Ci dessous vous pouvez trouver un extrait d'une série de questions/réponses publié par la Commission européenne en rapport à la révision de la Directive sur le soufre.
Questions and Answers on the Commission proposal on sulphur emissions from maritime transport
Why is the Commission proposing to change the legislation on marine fuels?
There are several reasons for the proposed changes.
Measures to reduce maritime emissions are timely and necessary. A reduction of emissions from shipping is now more cost-effective than further efforts to reduce land-based sources.
Secondly, the IMO recently adopted new standards for the sulphur content of marine fuels. As a result, the EU legislation needs to be revised to reflect these new requirements.
Finally, the European Parliament and the Council requested the Commission to carry out a review on the implementation of the Directive on the sulphur content of certain liquid fuels.
What changes is the Commission proposing?
The key elements of the revision are as follows:
The Directive will be aligned with the latest provisions adopted by the IMO on the sulphur content of marine fuels. As a result, the maximum permissible sulphur content of maritime fuels used in SECAs will fall from the previous level of 1.5 % to 0.1 %, as of 1 January 2015. These areas are currently the Baltic Sea, the North Sea and the English Channel. Other areas are to reduce their sulphur emissions from 4.5 % down to 0.5 % by 1 January 2020.
The Directive will be adapted to the IMO provisions on alternative compliance methods such as exhaust gas cleaning systems.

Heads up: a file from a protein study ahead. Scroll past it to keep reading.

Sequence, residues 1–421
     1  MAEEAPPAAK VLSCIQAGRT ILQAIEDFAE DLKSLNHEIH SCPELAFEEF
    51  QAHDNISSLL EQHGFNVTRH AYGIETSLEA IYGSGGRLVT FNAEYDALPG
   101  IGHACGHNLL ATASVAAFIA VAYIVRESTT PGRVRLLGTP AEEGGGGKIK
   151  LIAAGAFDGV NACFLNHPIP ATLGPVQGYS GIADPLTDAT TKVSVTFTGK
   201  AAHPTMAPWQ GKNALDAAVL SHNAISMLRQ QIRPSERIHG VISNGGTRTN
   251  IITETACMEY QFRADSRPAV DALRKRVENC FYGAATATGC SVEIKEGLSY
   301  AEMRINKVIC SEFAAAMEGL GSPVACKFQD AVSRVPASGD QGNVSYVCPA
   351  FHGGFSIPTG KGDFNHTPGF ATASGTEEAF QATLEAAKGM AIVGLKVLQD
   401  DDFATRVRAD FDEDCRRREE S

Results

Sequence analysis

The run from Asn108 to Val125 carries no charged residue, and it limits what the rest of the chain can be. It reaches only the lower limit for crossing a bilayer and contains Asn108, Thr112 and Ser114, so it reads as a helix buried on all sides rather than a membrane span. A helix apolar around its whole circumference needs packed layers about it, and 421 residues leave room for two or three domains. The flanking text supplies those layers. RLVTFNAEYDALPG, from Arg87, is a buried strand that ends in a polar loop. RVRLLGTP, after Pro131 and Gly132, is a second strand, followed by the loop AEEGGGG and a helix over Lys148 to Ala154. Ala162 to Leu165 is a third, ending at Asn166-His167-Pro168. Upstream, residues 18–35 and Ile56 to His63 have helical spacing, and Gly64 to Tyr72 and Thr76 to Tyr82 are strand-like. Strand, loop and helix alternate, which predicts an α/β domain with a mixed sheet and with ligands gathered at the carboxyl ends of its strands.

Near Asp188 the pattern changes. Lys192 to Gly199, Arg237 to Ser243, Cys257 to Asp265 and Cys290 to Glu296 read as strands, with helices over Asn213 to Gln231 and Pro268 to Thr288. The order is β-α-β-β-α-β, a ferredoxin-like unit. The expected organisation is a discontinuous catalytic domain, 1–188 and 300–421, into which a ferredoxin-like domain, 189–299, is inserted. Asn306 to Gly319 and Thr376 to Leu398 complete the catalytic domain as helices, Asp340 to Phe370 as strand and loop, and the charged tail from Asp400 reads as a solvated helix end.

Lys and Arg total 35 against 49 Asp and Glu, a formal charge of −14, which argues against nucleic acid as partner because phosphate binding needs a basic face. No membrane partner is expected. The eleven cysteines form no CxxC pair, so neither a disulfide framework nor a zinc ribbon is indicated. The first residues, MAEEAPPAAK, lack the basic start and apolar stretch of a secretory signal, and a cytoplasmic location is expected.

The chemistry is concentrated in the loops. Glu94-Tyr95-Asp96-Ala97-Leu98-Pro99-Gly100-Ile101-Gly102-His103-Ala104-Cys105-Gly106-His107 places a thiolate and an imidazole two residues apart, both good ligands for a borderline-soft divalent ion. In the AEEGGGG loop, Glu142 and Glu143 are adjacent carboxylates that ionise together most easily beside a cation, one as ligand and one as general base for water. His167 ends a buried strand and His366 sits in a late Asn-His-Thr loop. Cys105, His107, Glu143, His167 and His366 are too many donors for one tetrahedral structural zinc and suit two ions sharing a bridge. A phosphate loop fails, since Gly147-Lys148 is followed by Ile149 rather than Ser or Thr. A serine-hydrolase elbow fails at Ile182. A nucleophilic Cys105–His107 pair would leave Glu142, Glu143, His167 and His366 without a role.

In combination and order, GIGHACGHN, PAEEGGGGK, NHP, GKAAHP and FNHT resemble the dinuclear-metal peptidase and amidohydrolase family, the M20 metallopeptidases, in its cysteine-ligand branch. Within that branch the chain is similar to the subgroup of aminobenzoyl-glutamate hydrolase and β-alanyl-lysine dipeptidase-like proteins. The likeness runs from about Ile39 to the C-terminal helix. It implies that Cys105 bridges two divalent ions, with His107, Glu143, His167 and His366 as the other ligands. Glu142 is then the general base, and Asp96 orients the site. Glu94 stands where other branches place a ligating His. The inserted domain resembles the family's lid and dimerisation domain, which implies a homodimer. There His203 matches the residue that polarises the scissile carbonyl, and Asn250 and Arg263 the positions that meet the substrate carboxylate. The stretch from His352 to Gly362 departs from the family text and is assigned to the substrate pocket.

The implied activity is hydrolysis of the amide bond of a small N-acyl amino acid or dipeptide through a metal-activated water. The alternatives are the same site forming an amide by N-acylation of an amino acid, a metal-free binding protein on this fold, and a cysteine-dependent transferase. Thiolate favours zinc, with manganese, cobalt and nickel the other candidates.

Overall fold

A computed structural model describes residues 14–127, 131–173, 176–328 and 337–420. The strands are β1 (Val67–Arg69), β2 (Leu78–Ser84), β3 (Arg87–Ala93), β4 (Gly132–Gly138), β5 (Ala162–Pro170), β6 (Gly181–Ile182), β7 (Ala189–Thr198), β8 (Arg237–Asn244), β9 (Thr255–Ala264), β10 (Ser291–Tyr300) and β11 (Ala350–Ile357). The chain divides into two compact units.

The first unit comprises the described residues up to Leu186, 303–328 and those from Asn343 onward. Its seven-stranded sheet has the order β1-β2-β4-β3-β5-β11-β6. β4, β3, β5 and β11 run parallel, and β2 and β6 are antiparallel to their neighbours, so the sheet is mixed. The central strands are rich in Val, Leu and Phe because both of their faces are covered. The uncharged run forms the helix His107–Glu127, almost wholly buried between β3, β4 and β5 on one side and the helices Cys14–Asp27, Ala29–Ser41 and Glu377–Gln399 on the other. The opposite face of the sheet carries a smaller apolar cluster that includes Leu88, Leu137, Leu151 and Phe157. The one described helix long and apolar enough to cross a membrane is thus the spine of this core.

What will be the effects of the proposal for European citizens?
The costs induced by the proposed legislation stem mainly from an increase of the price of marine fuels. Since transport by ship accounts on average for less than 1% of the retail price of a consumer product, the impact on consumer products is considered to be negligible. The price for shipping services such as ferries is however likely to increase.
Does the proposed legislation transpose these international rules from IMO or does it go beyond them?
The Commission proposal however also includes additional adjustments, notably stricter sulphur standards for passenger ships on regular service in sea areas not designated as SECAs (including the Mediterranean Sea) and stronger rules on monitoring and enforcement of the rules on sulphur standards.
Why are some of the EU sea areas designated as SECAs and others not?
The reasons for this discrepancy result from the different sensitivities of these sea areas to pollution. The coastal states of this area therefore submitted a request to the IMO to designate these areas as SECAs and this designation was transposed into EU legislation.
Will the proposed legislation move the transport of goods from sea to land?
Several studies have assessed the effect of the increased fuel price with regard to the total transport costs and the consequence for potential shifts between sea- and land-based transport. A study initiated by the Commission suggests changes in the low percent range (1-7%). While there is no doubt that transport pattern in SECAs will change, no clear indication of the nature of the changes have emerged from the study. The impact of the new provisions will vary according to the specific route taken, the ship and cargo type, the length of sea segment and the extent to which ship operators can pass on increased fuel prices to customers.
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